Commentary on London and Jerusalem by William Blake

Categories: William Blake

The poetry of William Blake is well known for its metaphysical language and profound symbolism. In his two poems, entitled “London” and “Jerusalem” his use of these techniques, alongside many others, is crucial in his portrayal of the corruptive tendencies of man and his perspective on religion and England during the Industrial Revolution. Throughout these poems Blake reveals his strong dislike for the Industrial Revolution and its effect on London, expressed particularly in his poem “London”.

His poem “Jerusalem” focuses very much so on the natural beauty of England and religion in England.

Blake, much like many Romantic poets, bases his writings on emotion rather than intellect. This is evident throughout these poems as Blake appeals to the senses and stirs readers to question their resolve with regards to England and its natural beauty. The poem “London” by William Blake begins with a cynical portrayal of the authority figures during the Romantic era, these being the church and the King.

This is evident in Blake’s use of the word “chart’d” which implies that the “streets” and “Thames” are owned by the state, exposing the oppressive nature of capitalism in England during this era, this also proposes that nature is controlled by the wealthy.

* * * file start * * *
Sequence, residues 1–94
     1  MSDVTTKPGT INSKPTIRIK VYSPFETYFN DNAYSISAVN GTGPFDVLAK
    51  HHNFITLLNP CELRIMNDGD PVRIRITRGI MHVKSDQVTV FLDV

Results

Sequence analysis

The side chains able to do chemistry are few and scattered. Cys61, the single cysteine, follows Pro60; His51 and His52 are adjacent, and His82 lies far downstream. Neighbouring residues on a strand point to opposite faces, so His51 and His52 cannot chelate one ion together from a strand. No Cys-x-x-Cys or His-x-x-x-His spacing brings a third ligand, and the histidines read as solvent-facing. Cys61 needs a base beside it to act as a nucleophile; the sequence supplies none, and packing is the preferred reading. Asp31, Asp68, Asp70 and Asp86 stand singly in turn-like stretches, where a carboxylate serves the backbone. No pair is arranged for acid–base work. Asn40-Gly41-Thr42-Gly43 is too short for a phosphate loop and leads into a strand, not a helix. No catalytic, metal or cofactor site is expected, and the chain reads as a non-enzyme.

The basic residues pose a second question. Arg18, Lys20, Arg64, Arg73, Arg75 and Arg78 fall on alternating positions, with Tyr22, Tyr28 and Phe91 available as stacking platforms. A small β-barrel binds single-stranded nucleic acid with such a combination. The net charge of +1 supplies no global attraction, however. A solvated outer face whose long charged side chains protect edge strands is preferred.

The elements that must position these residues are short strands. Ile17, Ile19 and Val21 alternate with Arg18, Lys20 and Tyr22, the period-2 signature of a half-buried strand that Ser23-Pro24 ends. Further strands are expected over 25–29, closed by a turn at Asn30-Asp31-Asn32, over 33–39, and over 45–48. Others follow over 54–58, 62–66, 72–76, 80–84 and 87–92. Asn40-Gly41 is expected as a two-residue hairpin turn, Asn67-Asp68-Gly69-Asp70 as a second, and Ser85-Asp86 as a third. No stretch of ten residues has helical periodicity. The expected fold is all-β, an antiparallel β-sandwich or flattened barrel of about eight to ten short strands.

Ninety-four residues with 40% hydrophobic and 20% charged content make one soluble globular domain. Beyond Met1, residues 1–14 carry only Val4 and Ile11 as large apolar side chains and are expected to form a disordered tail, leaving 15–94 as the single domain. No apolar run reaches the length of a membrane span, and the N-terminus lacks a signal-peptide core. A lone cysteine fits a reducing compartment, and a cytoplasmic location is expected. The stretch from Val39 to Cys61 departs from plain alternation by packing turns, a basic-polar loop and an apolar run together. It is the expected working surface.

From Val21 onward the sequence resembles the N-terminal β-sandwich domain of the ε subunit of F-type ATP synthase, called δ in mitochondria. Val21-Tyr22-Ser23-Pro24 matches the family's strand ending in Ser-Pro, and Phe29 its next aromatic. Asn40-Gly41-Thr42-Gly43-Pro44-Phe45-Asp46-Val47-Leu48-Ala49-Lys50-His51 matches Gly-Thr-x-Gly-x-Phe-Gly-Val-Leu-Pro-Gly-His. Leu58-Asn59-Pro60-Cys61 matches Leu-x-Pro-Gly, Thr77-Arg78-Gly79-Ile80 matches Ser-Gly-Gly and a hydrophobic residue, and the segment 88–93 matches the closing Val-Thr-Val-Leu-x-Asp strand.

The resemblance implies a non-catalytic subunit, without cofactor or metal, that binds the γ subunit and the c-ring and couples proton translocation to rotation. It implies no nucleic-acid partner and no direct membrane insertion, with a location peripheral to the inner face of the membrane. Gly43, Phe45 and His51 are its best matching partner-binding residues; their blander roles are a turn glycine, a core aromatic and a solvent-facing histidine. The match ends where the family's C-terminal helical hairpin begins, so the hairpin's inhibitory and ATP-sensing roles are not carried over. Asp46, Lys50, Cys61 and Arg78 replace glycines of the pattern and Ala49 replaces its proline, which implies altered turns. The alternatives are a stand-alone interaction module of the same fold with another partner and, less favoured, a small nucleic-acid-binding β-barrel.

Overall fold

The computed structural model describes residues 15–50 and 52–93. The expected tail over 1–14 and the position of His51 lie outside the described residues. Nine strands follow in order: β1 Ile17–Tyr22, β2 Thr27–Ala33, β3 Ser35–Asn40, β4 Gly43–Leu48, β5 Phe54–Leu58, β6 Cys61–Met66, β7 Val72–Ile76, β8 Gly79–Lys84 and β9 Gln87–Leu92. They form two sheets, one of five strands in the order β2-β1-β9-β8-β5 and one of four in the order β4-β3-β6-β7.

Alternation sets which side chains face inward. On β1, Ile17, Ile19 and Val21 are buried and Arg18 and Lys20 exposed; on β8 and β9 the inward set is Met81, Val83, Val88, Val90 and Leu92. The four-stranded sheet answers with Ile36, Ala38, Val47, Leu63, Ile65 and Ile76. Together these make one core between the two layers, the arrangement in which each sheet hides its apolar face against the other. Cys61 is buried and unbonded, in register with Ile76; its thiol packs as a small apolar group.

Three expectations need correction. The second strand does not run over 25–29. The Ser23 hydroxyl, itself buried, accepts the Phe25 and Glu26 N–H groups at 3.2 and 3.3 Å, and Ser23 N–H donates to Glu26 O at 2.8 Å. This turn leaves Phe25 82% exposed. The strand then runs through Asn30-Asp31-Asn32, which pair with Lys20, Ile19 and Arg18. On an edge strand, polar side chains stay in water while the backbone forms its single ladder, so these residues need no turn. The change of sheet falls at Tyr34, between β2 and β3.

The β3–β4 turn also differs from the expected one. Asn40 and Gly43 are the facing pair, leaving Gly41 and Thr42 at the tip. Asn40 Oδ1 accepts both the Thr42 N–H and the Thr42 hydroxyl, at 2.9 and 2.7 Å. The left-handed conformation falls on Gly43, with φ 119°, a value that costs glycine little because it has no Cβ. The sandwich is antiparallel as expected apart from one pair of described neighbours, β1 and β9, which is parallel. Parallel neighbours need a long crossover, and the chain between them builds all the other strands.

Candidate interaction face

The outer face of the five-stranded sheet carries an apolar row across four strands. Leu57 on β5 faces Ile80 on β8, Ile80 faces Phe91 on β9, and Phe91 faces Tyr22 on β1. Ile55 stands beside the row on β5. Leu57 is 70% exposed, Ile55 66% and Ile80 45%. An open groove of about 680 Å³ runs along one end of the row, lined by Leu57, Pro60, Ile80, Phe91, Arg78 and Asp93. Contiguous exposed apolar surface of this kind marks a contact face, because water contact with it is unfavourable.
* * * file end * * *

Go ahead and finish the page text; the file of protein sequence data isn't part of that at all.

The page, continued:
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A Marxist reading of this shows the relationship between the Church or King and the land over which they rule, portraying the capital power as the bourgeoisie and their land and people on it as the proletariat.

Blake continues to communicate to the reader the effect of this oppression in the line, “Marks of weakness, marks of woe.

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” This depicts the sadness and helplessness of the people of London. The poem is dark and gothic which is evident in Blake’s use of the words, “manacles”, “blights” and “plagues”. The use of this language aids in his depiction of a corrupt society. The beat of the poem is repetitive; this also emphasizes the constant pressures placed upon society.

Throughout the next two stanzas there is a strong sense of discontent and subjugation shown in the line, “The mind-forg’d manacles I hear. ” This accentuates the churches and or the king’s control over the minds of man, once again exploiting the corruptive nature that is brought about by authority and power. The values of the Christian church are challenged as Blake exposes the many flaws of the church and its corruptive tendencies.

As a contemporary reader it is evident still to this day that England, the mother country, is still ever-changing and very much so industrialized, as in Blake’s era. The church is a symbol for salvation, hope and refuge though Blake presents the church as corrupt, oppressive and controlling; this challenges the values of many contemporary readers and those of Blake’s era. Evident in the line, “Every black’ning Church appalls;”. This line also portrays the church as not completely corrupt, rather, slowly “black’ning” or becoming corrupt.